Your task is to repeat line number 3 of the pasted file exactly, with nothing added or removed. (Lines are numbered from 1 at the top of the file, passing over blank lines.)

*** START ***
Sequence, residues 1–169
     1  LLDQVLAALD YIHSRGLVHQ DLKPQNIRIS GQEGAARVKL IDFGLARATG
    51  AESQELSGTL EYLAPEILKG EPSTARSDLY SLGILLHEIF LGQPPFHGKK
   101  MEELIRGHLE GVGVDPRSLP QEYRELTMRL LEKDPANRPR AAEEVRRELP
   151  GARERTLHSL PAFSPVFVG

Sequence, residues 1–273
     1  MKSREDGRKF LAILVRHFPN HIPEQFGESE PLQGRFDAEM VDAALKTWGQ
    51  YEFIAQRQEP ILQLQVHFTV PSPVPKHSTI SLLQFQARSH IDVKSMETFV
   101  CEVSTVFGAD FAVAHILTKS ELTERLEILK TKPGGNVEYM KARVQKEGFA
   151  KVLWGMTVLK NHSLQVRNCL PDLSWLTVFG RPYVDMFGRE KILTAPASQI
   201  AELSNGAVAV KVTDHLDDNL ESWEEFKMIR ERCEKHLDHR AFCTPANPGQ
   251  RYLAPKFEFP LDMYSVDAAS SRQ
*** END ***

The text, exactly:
    51  AESQELSGTL EYLAPEILKG EPSTARSDLY SLGILLHEIF LGQPPFHGKK